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Electric Strike Solenoid Replacement

This article originally appeared in the February, 2015 edition of Keynotes.


I received a work order that an exterior door restricted to card swipe access was not releasing when an authorized card was used. The door had a Von Duprin 99 series rim exit device used in conjunction with an older Von Duprin 6100 series electric strike (Figure 1).

Figure 1
Figure 1

After troubleshooting, I removed the mounting screws, disconnected the strike, and determined that the electric strike, set for fail secure, was receiving proper voltage/amperage (Figure 2) when an authorized card was used, but the electric strike would still not release. At this point, I want to stress that assuming is never a good idea. Always verify the correct voltage with a meter and check that the power supply can provide ­the rated current or amperage required by the strike. Also verify that the wire size and length is adequate to prevent too great a voltage drop.
Figure 2
Figure 2


Visual inspection showed no damage to the external components of the electric strike or foreign objects within it preventing normal operation. Sometimes, especially on college campuses, individuals come up with makeshift ways to keep doors open and/or unlocked, and the items used can inadvertently cause otherwise fine door hardware to not work by jamming key components. An electric strike, believe it or not, is a very, very simple device. The only moving part in this strike aside from the keeper’s spring, and nearly all others, is the solenoid. That had to be culprit.
I then reconnected the electric strike to its power source and swiped a working card a few more times. Each time I held my finger to the solenoid — which is placed on the outside of the electric strike on this particular model — I felt nothing. You should feel and hear movement when a working solenoid is energized, but more on that in a moment. Case closed: we had a solenoid that had failed, and it needed to be replaced. But could it?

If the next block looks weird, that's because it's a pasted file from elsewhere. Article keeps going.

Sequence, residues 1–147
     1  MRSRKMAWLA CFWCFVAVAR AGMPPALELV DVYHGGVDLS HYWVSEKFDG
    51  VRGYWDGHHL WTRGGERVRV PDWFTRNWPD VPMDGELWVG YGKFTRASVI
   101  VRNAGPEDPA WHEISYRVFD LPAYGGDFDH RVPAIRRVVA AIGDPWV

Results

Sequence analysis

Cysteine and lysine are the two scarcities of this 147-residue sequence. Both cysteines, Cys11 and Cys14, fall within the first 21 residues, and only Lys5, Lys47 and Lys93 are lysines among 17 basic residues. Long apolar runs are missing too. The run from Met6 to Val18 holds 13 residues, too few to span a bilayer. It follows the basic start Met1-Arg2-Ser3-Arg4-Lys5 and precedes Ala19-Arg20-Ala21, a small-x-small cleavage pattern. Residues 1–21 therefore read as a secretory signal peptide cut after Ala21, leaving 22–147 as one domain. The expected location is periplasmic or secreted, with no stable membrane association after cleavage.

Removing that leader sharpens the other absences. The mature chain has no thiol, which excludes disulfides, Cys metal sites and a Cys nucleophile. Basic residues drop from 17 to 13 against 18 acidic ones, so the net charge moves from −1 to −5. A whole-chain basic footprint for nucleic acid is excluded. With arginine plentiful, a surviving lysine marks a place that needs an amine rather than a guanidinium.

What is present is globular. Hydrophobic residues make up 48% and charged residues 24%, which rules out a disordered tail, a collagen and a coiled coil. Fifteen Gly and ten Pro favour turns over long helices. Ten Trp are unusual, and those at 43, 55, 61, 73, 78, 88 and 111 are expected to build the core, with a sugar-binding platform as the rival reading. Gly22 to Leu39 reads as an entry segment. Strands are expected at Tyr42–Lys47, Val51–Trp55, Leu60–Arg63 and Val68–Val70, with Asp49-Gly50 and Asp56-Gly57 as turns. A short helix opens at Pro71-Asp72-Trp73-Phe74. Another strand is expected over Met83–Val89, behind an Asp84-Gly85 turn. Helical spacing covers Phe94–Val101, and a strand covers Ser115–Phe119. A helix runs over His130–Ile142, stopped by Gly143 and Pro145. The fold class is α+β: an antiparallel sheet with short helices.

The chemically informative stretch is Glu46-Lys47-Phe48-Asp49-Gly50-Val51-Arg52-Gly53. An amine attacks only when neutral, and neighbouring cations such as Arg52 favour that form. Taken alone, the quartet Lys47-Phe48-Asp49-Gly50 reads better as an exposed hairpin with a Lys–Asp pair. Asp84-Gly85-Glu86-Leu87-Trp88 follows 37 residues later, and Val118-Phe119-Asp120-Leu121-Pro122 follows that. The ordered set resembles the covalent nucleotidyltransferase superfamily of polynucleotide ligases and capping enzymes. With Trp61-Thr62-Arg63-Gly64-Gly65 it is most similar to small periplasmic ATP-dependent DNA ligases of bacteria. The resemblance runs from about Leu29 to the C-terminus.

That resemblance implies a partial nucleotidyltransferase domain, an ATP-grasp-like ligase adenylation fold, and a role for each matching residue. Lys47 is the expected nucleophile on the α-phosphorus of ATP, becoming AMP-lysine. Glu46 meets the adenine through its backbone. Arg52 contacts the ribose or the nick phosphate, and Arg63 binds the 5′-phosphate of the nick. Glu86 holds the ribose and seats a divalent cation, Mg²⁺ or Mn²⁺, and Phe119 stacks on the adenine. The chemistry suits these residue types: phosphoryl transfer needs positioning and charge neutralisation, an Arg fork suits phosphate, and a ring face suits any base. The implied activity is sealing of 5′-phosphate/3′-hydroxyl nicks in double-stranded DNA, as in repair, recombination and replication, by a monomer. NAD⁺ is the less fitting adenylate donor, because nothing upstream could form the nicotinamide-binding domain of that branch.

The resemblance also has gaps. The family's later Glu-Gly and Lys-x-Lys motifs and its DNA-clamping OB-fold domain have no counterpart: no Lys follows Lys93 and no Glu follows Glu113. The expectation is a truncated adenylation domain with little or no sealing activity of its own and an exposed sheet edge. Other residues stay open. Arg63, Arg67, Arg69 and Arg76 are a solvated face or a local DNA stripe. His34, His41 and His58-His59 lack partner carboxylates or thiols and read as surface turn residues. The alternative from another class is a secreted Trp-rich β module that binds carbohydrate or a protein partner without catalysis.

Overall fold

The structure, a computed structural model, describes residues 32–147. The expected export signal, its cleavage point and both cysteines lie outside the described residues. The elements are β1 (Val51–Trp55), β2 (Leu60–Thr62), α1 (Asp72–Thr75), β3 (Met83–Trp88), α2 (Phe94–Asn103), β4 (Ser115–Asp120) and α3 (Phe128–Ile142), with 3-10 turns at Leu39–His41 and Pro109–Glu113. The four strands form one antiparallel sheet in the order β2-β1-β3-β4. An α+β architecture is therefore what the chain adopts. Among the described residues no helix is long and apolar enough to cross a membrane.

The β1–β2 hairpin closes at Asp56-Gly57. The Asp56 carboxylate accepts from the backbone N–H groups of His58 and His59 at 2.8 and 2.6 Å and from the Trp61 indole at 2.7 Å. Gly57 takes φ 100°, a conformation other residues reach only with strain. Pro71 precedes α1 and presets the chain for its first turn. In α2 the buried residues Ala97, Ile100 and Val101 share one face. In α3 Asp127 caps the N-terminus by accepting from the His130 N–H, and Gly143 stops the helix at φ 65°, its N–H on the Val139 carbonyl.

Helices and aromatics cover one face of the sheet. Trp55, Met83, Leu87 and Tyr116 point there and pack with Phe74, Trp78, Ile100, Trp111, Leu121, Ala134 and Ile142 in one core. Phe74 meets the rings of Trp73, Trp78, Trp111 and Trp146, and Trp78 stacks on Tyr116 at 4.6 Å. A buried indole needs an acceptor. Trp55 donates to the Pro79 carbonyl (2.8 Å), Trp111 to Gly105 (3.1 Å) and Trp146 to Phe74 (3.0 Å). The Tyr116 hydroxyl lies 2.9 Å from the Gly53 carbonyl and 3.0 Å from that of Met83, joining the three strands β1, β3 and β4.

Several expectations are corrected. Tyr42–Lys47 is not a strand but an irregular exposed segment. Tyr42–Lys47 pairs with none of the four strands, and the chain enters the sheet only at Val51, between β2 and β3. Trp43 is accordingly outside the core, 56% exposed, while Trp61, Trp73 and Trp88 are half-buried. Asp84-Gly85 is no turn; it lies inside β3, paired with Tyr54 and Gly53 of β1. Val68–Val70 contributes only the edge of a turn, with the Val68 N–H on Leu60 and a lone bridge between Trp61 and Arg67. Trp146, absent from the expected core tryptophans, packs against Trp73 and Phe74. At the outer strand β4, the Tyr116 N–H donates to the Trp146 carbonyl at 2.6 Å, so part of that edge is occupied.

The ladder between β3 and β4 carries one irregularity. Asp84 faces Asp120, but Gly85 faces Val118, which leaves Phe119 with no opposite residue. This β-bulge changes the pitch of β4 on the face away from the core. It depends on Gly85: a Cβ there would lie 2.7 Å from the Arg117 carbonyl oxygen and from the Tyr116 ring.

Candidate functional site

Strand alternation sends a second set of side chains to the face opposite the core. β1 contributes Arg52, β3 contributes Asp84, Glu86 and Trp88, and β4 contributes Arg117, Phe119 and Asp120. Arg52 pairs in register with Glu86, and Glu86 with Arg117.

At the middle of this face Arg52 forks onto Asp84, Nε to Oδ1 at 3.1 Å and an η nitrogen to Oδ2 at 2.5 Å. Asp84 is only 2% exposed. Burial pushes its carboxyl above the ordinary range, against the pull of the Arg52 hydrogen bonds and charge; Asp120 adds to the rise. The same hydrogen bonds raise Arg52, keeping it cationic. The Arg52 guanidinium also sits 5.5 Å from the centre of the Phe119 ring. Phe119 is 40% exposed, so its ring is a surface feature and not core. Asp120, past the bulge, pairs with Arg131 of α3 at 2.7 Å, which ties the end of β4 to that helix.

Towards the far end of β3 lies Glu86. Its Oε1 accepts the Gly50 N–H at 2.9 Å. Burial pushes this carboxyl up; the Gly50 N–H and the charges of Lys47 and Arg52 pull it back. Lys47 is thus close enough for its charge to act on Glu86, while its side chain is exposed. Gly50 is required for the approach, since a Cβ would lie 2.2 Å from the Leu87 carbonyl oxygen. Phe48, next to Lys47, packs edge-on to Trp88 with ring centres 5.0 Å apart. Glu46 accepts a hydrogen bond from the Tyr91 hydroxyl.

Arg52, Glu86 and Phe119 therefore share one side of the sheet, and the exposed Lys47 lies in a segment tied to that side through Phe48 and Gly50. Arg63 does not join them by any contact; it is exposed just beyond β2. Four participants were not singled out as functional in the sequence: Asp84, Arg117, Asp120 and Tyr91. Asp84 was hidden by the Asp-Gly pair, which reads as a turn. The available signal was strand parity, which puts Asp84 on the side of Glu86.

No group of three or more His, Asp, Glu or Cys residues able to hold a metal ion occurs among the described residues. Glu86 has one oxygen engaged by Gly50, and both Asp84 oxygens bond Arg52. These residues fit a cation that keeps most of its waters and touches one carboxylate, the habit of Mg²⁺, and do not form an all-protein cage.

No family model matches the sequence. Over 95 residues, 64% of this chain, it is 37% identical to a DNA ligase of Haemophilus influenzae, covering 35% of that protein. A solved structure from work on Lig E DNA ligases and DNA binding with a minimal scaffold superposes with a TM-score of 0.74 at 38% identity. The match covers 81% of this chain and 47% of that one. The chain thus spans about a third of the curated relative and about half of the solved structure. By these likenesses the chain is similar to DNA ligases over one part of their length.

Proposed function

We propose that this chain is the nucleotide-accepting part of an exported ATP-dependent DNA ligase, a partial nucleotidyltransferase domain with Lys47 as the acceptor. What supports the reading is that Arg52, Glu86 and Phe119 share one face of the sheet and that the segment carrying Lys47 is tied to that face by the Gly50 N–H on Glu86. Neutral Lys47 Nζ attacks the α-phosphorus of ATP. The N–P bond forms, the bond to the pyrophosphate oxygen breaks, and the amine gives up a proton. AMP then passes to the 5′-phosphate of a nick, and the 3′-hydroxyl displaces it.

Some manufacturers offer replacement kits for their electric strike’s solenoids; some don’t. In this case, Von Duprin offered such a kit. Von Duprin’s 6100 series are beasts of electric strikes; they’re rugged, of solid construction, and — by extension — expensive. Kudos to Von Duprin for selling replacement solenoid kits on an otherwise indestructible electric strike. I’d much rather pay for a solenoid replacement kit than a brand new 6100.

How Solenoids Work with Electric Strikes

Solenoids are essentially electromagnets. The main housing (Figure 3) of the solenoid contains coiled wire and works in conjunction with an armature.

Figure 3
Figure 3

Armatures, sometimes referred to as plungers or slugs, are cylinder-shaped and contain ferrous metal, which is magnetic. Like all electromagnets, when current is applied, the coiled wire generates a magnetic field. This causes the armature to move up or down, depending on the design or intended usage of the solenoid. For example, the Von Duprin 6100 series electric strike I am fixing is fail secure. When not energized, the armature rests in position that prohibits the electric strike’s keeper from moving. When the solenoid is energized, the armature is attracted to and therefore lifted by the magnetic field produced by the coil, and the keeper is then able to move momentarily.

The Fix

Luckily for me, I had a 6000 series solenoid replacement kit on hand (24VDC – part no. 050240). The kit, also available in 12VDC (part no. 050237) and 16VDC (part no. 050239) depending on the system requirements, comes with everything you need to get you back in running order: the solenoid, the armature, the spring and a plastic washer. One thing to note, however, is that if you ever have a broken solenoid spring on a 6000 series Von Duprin electric strike, they can be ordered separately (part no. 968713). This saves you quite a bit of money compared to ordering the complete kit itself. It should also be noted that the same solenoid replacement kit can be used on any Von Duprin 6000 series electric strike so long as the voltages match.